JP Martial Arts September 2015 Student of the Month
This month’s Student of the Month, Twyla Schran, is 16 years old, and a Junior at Meridian Academy here in Jamaica Plain. She earned her Brazilian Jiu-Jitsu Blue Belt this summer at the age of 16 – the youngest age a student is allowed to earn a Blue Belt, by IBJJF rules. Twyla also trains in Karate at another dojo, where she is a Junior Black Belt (the black belt for those who go through the kids program; the next step is the adult Brown Belt).
Twyla is an all-around martial artist. She is strong and flexible, because she strives to be very technical, she is fun and challenging to roll with, and a great competitor.
We asked Twyla to share some of her thoughts about her training in martial arts, BJJ, and at JP Martial Arts.
When did you first begin training at JPMAA?
I started in the fall of 2013. I had been wanting to try out BJJ for a while beforehand, but never got around to signing up. Then my best friend started classes at JPMAA (back when it was Mass Bay BJJ) and the opportunity to train with her was the motivation I needed to check it out. I’ve been in love with the sport ever since.
Do you train primarily BJJ or Karate, or both?
That’s an interesting question for my case. I’ll have to go with both.
Do you have prior martial arts experience in your life?
Yes, I’ve been training in American Kenpo karate (at a separate dojo) for almost seven years now. I love how complimentary it is to train both striking and grappling martial arts.
What motivated you to want to start training in martial arts?
Honestly at first karate was just an after school program that seemed interesting. Like, homework club on Mondays, crafts club on Tuesdays, karate on Wednesdays. Why not? I took the classes on and off and didn’t really get into it until fourth grade, when a boy (who trained with the same dojo much more intensely that I did) overheard me talking about karate to a friend, and he walked over and told me that girls can’t do karate. That was when I got my act together.
How did you first learn about JP Martial Arts Academy?
I live very close by! My family watched its gradual assembly, and it was downright tantalizing having a martial arts studio that near to where we live. I love being able to walk to and from classes.
What do you like most about training in the martial arts? Everything. Even the parts that are less fun, or even painful, really only help build confidence and toughness. I like knowing what I’m capable of. I love moving and being active. And the mental puzzles that you have to solve while rolling or doing kata or learning new technique… it’s so satisfying to accomplish goals, and to be able to watch yourself progress and develop as a martial artist.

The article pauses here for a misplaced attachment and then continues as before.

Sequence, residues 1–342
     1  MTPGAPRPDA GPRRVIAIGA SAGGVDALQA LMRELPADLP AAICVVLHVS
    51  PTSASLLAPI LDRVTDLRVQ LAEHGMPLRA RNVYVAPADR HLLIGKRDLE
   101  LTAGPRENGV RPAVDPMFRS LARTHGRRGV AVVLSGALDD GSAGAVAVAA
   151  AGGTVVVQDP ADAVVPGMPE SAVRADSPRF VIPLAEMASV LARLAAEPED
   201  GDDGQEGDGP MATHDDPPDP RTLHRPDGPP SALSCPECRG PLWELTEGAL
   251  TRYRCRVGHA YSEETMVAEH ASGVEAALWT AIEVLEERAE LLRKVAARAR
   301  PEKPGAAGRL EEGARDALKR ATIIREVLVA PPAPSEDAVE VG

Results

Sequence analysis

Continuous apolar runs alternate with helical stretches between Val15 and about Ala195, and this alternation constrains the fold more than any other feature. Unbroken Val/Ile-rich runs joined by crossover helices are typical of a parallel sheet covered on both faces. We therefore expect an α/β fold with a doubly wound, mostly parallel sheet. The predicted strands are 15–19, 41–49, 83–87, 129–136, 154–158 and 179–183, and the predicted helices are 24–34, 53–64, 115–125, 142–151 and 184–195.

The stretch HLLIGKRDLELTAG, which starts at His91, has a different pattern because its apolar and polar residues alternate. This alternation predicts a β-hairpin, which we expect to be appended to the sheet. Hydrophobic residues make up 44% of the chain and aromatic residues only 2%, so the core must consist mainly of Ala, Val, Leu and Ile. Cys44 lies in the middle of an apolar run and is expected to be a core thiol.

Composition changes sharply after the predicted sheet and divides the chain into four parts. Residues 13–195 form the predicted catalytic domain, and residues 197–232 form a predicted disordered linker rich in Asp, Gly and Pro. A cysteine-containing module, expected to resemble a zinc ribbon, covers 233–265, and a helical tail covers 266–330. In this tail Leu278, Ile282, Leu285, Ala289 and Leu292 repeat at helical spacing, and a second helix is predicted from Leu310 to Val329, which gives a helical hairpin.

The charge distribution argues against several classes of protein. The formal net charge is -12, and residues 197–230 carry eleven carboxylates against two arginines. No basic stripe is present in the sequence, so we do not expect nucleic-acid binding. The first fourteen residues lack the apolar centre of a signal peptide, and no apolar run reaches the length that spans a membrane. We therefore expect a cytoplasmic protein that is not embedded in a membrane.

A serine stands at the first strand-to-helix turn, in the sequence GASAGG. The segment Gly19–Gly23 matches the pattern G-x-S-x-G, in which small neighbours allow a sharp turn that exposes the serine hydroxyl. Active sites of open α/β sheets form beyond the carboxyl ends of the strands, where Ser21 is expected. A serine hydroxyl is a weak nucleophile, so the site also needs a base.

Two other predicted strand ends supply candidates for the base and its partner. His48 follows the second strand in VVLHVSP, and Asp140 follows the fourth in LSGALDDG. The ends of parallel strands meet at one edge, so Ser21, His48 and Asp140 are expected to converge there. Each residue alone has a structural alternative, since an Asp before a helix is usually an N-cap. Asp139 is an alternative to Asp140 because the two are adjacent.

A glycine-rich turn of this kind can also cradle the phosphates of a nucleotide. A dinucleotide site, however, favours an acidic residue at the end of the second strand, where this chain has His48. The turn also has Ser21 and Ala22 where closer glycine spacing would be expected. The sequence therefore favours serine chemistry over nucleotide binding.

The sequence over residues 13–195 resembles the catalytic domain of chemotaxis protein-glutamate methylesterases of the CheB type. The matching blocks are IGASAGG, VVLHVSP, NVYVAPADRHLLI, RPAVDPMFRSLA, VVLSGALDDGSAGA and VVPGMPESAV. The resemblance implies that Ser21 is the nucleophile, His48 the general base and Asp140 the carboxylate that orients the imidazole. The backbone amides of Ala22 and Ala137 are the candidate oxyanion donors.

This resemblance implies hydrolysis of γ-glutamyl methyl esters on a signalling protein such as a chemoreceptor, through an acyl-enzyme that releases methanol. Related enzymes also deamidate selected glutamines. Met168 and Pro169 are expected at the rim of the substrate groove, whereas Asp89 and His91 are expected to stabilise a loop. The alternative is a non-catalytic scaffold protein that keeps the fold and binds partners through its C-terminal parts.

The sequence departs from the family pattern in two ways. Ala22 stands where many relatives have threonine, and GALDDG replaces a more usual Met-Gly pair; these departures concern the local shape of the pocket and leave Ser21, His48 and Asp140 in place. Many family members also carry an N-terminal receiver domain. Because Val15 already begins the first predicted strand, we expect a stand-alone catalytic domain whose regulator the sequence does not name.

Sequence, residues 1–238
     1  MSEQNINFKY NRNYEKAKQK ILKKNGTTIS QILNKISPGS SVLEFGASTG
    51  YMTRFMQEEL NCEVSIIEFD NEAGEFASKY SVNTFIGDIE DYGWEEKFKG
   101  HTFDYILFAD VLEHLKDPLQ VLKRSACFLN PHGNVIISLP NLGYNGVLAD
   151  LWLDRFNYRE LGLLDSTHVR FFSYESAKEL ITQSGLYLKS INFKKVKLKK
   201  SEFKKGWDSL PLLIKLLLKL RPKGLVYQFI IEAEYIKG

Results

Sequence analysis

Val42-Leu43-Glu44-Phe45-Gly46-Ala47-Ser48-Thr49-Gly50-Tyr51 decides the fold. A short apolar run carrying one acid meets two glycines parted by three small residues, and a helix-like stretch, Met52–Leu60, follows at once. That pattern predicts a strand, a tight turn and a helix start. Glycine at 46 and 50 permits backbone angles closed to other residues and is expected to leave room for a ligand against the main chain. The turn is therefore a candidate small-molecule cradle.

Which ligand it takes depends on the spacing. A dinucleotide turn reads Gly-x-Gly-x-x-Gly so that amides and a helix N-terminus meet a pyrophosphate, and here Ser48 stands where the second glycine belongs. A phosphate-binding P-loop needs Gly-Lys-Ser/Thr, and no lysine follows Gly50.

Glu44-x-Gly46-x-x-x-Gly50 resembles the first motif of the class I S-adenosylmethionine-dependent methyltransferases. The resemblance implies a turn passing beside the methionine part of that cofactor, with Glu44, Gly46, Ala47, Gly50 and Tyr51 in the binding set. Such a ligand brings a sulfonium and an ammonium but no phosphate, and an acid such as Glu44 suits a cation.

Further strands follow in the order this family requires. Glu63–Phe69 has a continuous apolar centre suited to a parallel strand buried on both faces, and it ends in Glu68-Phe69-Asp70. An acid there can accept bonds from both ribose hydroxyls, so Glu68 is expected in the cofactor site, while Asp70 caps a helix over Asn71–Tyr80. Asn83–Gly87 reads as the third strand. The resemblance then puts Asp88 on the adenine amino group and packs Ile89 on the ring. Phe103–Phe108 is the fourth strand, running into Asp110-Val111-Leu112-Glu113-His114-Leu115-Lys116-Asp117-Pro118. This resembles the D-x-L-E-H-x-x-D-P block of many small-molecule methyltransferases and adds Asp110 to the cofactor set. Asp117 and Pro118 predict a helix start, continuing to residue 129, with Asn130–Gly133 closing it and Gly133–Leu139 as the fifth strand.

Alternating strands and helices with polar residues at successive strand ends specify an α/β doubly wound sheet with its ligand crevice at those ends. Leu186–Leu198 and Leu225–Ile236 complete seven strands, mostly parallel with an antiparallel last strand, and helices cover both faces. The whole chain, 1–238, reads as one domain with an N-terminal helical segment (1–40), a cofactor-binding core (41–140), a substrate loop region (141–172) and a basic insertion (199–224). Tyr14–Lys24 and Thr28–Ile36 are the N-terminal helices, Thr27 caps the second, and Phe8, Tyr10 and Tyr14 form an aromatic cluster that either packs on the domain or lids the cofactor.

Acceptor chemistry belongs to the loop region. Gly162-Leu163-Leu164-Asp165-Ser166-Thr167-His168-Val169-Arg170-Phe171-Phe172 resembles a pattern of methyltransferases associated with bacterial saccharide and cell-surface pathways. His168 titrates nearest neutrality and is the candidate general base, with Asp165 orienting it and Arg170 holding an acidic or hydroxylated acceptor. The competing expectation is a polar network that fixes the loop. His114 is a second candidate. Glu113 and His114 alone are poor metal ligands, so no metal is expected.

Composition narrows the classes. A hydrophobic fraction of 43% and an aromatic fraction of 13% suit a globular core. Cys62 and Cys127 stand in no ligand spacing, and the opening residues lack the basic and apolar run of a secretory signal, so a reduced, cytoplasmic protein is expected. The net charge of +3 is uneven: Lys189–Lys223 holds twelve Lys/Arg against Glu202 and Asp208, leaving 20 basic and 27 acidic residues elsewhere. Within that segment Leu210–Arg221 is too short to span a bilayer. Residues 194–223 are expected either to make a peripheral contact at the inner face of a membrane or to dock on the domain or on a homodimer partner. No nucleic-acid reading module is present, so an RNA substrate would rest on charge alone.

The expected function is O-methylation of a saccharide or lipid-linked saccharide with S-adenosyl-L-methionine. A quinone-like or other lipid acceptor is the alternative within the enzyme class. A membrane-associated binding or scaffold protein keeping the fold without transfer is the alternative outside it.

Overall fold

How has training in martial arts changed or improved your life?
I was a very shy kid. Starting karate made me more comfortable with myself, more confident. I became less afraid of making noise and taking up space. And that’s really only gotten more and more prominent as time has gone by. Criticism doesn’t freak me out as much as it used to. I have a mental toughness that I can only attribute to martial arts. I don’t get intimidated very easily anymore… I’ve even found that talking to new people is easier as I’ve gotten more confidence in myself. But maybe even more importantly than the knowledge that I can take a beating and still be strong enough to keep going, is the patience that comes from spending hours practicing and meditating. It’s harder to get angry, to hold grudges. A lot of that part comes from jiu jitsu. You know, being able to roll with the flow.
What do you like the most about training at JPMAA?
The environment, everyone is so friendly and open. The karate dojo I come from takes the “martial” part of martial arts very seriously. Rules and protocol all over the place. The transition to a dojo where you can really talk with the senseis during class was bizarre.
What are your goals for your training?
I’ve recently been competing through NAGA (North American Grappling Association) and the IBJJF (International Brazilian Jiu Jitsu Federation), and I really enjoyed it. I want to compete a lot more, maybe even travel a bit, to roll with people who train differently than I do and to see more of the huge community of BJJ. Other than that, I just want to get stronger and learn more, there’s always more to improve on.
JP Martial Arts owner and head instructor David Shim has this to say about Tywla:
Twyla has been with us since the early days of our school. I would often see her training with her mother Elin in our BJJ classes with our previous instructor. I could tell that Twyla was serious, and I also learned that she has a black belt in Karate at another dojo. I have had the pleasure of teaching her BJJ for the last 10 months or so, and I have learned what a strong competitor she is (and also how flexible and physically strong she is!). This past summer, Twyla turned 16 and we were able to award her Blue Belt. As a Blue Belt, Twyla has competed in a NAGA competition and the IBJJF Boston Open, winning second and first place respectively in her division. In the recent Boston Open tournament, Twyla submitted her opponent (who had traveled from Brazil for this competition and who was ranked 3rd in her division there). The submission took 43 seconds. Twyla is hard working, humble, and earnest. I enjoy rolling with her, and I look forward to helping her train for future events. Needless to say, she represents us well!